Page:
By Jared Newman
AT 6:30 ON A MONDAY MORNING, MATT BUTLER has been awake for about an hour and a half. He's got two young kids and two cats, and when they start running around the house around 7:30 a.m., free time is hard to find, so Butler often wakes up at 5 a.m. and either hikes in the woods outside his home in Eugene, Oregon or spends time in his recording studio. "Matt loves coffee!" says Julie van Amerongen, Butler's wife and publicist, who set up the interview.
Butler is a producer and a songwriter, but his main focus these days is The Everyone Orchestra, a band that has no permanent members — not even Butler. The lineup is always changing; there were over thirty performers at the band's two shows at Jam Cruise in January, and only four of them played both occasions.
Butler is the founder and organizer of The Everyone Orchestra, which he thinks of as a concept more than a band. Its maxim, as it appears on its website, is "Music: Activism: Improvisation." It's Butler's job to make sure all of those things happen at each show.
Initially, there's the task of getting artists together, which Butler achieves by calling or emailing musicians and their agents. The musician usually responds with ideas to bring to the jam — Jon Fishman, for example, brings some of Phish's old exercises — and the agent dictates whether or not the musician is available. If all goes well, the musician might even bring along some fellow players.
J. Fishman & A. Schnier - Everyone Orchestra
snoe.down 2006 by Robert Chapman
"It's a little bit random," Butler says. "A lot of it comes from how I just happen to know a whole slew of musicians these days, and agents, actually. I kind of dance that role of being an agent and being a musician at the same time."
Butler also has to make sure that the stage isn't filled with Everyone Orchestra virgins, and he also has to avoid unbalanced lineups (like six guitarists and a violinist). "Sometimes it comes together really easy, sometimes it's kind of a bear to get a rounded lineup that I feel confident in," explains Butler.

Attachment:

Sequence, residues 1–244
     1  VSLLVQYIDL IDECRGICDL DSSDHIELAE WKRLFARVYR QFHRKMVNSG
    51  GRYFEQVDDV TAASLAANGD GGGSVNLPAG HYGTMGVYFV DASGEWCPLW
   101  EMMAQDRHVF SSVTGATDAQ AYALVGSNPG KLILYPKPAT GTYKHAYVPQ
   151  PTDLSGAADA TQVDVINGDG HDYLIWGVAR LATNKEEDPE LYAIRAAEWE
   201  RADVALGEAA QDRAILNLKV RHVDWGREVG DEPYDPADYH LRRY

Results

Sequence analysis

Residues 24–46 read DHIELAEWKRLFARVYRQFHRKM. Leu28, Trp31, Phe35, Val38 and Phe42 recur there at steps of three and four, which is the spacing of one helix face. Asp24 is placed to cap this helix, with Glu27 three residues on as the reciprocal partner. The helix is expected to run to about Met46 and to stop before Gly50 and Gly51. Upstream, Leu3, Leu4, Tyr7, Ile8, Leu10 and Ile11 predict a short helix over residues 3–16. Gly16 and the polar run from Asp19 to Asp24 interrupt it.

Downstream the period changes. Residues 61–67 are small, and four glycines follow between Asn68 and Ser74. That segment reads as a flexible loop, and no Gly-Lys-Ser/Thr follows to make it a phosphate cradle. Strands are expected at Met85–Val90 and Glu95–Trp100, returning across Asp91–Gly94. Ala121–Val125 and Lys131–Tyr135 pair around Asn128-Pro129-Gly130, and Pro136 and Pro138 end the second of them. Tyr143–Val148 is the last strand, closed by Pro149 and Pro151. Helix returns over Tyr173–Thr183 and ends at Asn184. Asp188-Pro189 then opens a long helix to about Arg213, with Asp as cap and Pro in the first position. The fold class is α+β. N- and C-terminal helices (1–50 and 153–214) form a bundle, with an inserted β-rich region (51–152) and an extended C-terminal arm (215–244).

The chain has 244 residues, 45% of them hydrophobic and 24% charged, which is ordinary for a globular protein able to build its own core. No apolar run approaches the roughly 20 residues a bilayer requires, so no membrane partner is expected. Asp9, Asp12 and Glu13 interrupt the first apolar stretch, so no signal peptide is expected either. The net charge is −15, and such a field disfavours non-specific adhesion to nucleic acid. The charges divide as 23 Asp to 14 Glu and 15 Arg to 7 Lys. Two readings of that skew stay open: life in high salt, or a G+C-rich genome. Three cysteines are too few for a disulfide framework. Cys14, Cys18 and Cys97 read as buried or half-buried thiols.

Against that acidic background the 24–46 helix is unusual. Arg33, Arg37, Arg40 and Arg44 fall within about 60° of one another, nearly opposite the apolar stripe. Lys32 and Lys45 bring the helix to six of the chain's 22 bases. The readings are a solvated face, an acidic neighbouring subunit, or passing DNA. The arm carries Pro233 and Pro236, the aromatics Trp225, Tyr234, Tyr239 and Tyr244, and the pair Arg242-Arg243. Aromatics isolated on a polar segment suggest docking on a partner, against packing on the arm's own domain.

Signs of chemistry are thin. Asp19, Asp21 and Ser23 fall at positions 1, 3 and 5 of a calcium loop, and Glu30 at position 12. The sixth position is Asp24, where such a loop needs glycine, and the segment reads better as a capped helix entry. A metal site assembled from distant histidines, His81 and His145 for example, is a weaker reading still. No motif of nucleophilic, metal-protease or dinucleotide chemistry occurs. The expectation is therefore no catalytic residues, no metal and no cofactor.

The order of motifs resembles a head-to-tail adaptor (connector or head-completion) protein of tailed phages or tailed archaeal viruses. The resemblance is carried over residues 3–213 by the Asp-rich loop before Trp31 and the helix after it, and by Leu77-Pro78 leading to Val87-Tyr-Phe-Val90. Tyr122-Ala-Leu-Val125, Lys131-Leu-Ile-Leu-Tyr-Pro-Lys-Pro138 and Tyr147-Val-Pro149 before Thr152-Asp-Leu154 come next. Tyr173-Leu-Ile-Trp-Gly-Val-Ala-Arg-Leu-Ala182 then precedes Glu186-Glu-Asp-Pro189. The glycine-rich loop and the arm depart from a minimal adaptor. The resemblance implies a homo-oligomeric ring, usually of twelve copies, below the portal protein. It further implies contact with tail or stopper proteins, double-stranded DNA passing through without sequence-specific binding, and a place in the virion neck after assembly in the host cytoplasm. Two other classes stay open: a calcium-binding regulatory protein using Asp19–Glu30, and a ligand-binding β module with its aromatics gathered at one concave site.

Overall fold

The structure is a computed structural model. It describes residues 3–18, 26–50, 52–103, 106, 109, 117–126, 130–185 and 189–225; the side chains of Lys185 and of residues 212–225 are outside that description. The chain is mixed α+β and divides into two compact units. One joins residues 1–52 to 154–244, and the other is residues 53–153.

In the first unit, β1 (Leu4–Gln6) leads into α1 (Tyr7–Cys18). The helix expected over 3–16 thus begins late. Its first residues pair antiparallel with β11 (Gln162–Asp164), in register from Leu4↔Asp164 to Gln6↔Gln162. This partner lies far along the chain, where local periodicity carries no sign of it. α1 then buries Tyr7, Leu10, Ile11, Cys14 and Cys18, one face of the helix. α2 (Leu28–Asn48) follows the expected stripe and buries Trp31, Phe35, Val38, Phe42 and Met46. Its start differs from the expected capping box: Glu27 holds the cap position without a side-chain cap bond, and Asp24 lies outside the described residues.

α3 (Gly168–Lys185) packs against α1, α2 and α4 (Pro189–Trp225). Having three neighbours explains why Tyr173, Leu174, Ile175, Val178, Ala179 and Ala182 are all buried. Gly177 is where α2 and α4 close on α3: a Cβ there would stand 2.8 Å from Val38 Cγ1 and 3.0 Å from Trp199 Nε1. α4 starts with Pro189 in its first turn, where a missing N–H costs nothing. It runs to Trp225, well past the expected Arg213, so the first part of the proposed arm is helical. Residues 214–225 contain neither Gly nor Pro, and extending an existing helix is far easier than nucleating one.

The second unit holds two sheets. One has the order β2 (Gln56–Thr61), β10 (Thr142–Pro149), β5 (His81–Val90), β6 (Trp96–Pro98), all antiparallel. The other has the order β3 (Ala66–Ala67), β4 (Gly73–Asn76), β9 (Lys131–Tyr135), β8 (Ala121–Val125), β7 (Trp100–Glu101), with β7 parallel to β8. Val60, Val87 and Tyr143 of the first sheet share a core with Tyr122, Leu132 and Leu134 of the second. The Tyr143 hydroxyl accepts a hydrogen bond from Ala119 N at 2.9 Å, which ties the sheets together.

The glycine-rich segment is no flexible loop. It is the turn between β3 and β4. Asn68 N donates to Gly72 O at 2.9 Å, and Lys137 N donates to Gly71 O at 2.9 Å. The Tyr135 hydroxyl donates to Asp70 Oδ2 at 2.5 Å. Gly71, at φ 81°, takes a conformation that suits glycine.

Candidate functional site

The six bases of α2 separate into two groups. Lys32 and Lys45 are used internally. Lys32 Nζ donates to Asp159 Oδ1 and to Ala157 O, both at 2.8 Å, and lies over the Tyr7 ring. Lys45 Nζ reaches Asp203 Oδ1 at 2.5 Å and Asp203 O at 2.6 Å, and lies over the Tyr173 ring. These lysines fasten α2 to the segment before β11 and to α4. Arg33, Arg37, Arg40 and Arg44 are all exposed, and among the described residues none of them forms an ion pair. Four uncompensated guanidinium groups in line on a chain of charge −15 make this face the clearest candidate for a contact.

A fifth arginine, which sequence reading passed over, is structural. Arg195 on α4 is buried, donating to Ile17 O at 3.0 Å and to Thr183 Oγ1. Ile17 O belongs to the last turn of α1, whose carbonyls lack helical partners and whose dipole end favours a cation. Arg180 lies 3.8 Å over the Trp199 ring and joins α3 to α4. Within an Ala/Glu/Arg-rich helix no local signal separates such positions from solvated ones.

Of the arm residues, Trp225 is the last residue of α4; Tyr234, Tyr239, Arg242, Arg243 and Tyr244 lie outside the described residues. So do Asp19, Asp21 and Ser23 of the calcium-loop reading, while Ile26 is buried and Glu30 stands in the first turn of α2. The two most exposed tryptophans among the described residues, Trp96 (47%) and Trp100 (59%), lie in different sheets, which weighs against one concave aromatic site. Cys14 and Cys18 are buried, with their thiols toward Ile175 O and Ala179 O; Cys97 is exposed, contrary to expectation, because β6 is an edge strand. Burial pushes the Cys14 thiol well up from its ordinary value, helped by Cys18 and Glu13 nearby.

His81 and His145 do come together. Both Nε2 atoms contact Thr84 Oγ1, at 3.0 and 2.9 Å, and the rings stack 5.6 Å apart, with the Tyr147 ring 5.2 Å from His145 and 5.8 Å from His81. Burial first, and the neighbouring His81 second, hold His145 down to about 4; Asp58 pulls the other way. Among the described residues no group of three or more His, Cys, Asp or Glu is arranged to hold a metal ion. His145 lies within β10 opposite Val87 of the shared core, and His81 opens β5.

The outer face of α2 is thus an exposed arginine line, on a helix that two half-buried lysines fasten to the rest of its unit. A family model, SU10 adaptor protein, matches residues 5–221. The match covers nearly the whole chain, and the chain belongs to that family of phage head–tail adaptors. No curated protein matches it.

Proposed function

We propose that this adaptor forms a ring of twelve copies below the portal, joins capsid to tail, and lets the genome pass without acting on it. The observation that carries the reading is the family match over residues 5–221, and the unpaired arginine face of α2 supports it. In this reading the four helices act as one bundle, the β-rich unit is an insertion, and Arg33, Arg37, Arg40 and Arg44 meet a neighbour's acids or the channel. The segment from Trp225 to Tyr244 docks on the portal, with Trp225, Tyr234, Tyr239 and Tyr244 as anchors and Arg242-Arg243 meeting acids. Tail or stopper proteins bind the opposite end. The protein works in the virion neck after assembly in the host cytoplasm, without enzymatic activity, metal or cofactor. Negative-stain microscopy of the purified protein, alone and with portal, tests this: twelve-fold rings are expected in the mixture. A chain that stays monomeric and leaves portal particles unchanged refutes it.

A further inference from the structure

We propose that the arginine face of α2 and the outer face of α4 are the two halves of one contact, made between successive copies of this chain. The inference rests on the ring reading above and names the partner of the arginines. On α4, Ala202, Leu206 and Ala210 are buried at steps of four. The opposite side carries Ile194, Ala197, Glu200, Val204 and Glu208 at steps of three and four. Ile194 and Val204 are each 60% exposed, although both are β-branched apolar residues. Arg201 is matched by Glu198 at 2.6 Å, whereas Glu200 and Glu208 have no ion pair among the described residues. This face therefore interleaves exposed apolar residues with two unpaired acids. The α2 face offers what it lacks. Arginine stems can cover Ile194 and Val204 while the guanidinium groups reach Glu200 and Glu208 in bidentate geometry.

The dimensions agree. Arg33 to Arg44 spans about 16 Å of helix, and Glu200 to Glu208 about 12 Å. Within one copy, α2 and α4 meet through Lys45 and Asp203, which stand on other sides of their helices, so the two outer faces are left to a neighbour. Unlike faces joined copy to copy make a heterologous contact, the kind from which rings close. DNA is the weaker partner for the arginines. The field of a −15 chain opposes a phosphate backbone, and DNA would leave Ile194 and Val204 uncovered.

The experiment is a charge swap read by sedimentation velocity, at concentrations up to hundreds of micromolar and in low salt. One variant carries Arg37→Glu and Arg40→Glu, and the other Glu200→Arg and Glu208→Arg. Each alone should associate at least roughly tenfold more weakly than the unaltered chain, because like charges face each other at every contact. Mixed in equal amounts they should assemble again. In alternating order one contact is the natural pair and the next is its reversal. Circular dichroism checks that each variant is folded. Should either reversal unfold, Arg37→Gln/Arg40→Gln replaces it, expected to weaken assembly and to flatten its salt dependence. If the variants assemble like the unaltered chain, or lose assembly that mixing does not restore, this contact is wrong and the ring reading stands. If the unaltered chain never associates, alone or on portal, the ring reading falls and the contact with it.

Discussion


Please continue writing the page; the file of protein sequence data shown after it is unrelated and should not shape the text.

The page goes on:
To ensure that he can communicate effectively with the players, Butler builds each session around a few core bands: members of his old group, Jambay, Scott Law's band, and most or all of Animal Liberation Orchestra.
Scott Law - Everyone Orchestra
By Josh Miller
Once a lineup is solidified, Butler uses some basic guidelines to get everyone on the same page. "I hate to call them rules. They're more like agreements so we can manipulate the controlled chaos." Basically, he explains the kinds of conducting signals he will use and how the musicians should respond to them.
Butler also tries to instigate dialogue between the musicians. Some of the musicians at last weekend's snoe.down festival - among them Fishman, Steve Kimock, and Jamie Masefield - had a long talk about politics. Butler has found that the jams are better when people get to know each other beforehand.
"In an Everyone Orchestra event, I'm producing the flow so everybody's comfortable on stage. Everybody knows everybody or has been introduced, and everybody has an idea what the game is," says Butler. "From a production standpoint, I'm just trying to facilitate and create songs in the moment."
Butler used to play drums or sit out for Everyone Orchestra shows, leaving the conducting duties to others, but for a little over a year, he's been doing most of the conducting himself. "I realized that it was a very natural extension of what I was doing in just facilitating and getting everybody on the same page and getting everyone up on stage. I'm really digging it, actually."
The Everyone Orchestra
He uses giant cue cards as well as traditional hand and wand gestures to direct the band as well as the audience. Some of it is typical stuff — give someone a solo, have the horns punch in, play louder, softer, faster, or slower — but it gets wackier when the audience gets involved.
Butler can get the crowd chanting if he hums for long enough, and a cue card with the word "AAH!" incites the crowd to scream. Butler might take that card and alternate between showing it to the musicians and to the audience so they scream at each other. At Jam Cruise in January, Karl Denson traded licks with the audience, juxtaposing his precise blasts against a wall of noise from the crowd's disorganized be-bop.